• Navigation
  • open search





Editors' Review

by   / April 13, 2018

The VPN by Private Internet Access is an easy way to secure and keep your Internet traffic private. And Private Internet Access, or PIA, offers a useful collection of security settings to tune your speed.


One-month to two-year subscriptions: Sign up for a 30-day subscription for $6.95, a year for $39.95, and two years for $69.95. You can run the service on five devices simultaneously, and while the company does not have a free trial period to check out its VPN, the company does offer a seven-day refund policy. You can pay with credit cards, PayPal, Bitcoin or Bitcoin Cash, or with a third-party gift card such as Starbucks.

Does not log or monitor user activity: "PIA absolutely does not keep any logs, of any kind, period," the company says, emphatically, and offers support for the claim with examples where governments and courts have requested information and PIA had nothing identifiable to turn over. The independent VPN testing site That One Privacy Site gives PIA solid scores for its logging policies and server security. (In general, note that using a VPN doesn't necessarily guarantee your Internet activities will be hidden. Shady VPN providers overpromise and underprotect. Pick a trustworthy VPN to secure your networking communications, bypass geoblocking, and dodge government filtering and censorship.)

Servers around the globe: Private Internet Access operates servers in 28 countries from the Americas and Europe to Asia, with several regions hosting servers in different geographic locations.

Tune your connection to suit your security and privacy needs: PIA lets you adjust your encryption settings to strike a balance between speed and security. By default, PIA uses the open-source OpenVPN and AES-128 for encryption. If you want to crank up the encryption, you can pick the 256-bit version of AES.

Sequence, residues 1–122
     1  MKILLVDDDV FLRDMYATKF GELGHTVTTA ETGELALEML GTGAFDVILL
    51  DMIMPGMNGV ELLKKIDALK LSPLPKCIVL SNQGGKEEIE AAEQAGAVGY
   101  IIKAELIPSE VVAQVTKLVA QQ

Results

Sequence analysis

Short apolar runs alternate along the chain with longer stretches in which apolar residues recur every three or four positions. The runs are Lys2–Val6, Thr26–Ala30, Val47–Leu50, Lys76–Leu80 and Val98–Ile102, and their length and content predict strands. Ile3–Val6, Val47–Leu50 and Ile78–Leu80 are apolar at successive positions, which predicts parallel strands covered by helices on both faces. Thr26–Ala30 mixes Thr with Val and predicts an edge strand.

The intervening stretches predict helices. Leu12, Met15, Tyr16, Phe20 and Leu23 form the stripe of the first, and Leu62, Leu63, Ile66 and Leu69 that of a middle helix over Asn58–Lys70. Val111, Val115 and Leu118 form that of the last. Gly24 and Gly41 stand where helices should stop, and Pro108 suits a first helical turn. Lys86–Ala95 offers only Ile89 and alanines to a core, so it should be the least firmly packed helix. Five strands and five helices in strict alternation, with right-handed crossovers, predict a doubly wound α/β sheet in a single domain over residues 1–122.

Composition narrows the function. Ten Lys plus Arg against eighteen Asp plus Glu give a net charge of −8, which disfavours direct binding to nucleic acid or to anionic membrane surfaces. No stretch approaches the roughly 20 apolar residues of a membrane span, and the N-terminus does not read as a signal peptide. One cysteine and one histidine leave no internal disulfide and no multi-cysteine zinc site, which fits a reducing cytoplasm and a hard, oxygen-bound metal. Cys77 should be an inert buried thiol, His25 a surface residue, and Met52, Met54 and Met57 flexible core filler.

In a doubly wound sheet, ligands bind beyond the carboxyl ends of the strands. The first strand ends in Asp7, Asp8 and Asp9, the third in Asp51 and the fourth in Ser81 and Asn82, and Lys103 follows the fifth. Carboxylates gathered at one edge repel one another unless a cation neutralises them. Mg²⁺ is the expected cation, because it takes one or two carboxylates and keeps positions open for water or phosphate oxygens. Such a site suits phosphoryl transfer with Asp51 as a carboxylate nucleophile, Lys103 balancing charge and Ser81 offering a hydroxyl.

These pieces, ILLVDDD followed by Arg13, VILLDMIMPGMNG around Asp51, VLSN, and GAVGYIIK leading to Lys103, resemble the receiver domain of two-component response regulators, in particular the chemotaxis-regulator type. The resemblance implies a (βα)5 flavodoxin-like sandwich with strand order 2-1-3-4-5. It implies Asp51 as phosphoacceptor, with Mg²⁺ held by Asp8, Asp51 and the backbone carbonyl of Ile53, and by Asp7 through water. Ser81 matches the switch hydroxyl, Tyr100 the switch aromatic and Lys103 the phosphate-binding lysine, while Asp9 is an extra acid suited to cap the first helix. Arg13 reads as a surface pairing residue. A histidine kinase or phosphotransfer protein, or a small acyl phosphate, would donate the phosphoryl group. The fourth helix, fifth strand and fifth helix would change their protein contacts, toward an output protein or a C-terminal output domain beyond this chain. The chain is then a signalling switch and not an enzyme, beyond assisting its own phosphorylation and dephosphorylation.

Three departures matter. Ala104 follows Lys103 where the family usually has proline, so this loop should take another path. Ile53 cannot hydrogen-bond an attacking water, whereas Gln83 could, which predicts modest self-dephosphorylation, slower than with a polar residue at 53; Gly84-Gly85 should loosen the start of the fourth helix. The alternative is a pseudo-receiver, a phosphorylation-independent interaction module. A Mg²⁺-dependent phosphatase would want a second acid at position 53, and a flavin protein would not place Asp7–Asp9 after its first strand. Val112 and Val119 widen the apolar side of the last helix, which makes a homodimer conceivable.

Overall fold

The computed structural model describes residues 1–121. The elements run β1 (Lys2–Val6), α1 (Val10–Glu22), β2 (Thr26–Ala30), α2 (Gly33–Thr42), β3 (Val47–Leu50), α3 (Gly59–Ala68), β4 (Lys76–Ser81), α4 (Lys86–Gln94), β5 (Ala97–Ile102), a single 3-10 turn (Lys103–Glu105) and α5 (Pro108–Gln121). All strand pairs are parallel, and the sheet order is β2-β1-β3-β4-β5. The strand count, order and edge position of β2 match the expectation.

A cost of the stronger encryption, however, is networking speed. The company has a helpful page looking at the pros and cons of adjusting your encryption settings. For most, the default AES-128 should be fine, as many in the security field believe it will remain unbreakable in the foreseeable future. Note that PIA used to offer Blowfish for encryption but dropped supported in 2016.


No trial period: Private Internet Access doesn't offer a free trial version of its VPN. And while the shortest period you can sign up for a subscription is 30 days, you can request a refund within the first seven days of signing up.

Bottom Line

Private Internet Access VPN has something for everyone: It's simple to set up and use and offers plenty of tweakable encryption settings to find a balance between speed and privacy. We'd like to see a free trial period, but a seven-day refund policy helps offset the lack thereof.

How can you tell if an Android app is safe?


Full Specifications

What's new in version

The Google Play Store version of our app no longer include MACE due to Google Play Store policies. Downloads via our website and other stores will still have that feature.


Publisher Private Internet Access VPN
Publisher web site
Release Date November 12, 2018
Date Added November 12, 2018


Category Utilities & Operating Systems
Subcategory Other

Operating Systems

Operating Systems Android
Additional Requirements None

Download Information

File Size 1.34MB
File Name External File


Total Downloads 22,484
Downloads Last Week 33


License Model Free
Limitations Not available
Price Free
Report a problem
Latest Stories
Best Amazon Prime Day deals so far

Best Amazon Prime Day deals so far

by Clifford Colby

From headphones and earbud to mobile phones and smart home devices, here are the best Prime Day tech...

Read more
How to not miss an Amazon Prime Day deal

How to not miss an Amazon Prime Day deal

by Clifford Colby

With Amazon Prime Day 2019 coming up July 15, now's the time to start planning your approach to the...

Read more
Academics gain access to Facebook data trove to study election influence

Academics gain access to Facebook data trove to study election influence

by Shelby Brown

Researchers will get to parse Facebook ad data, the popularity of news items and URL data sets.

Read more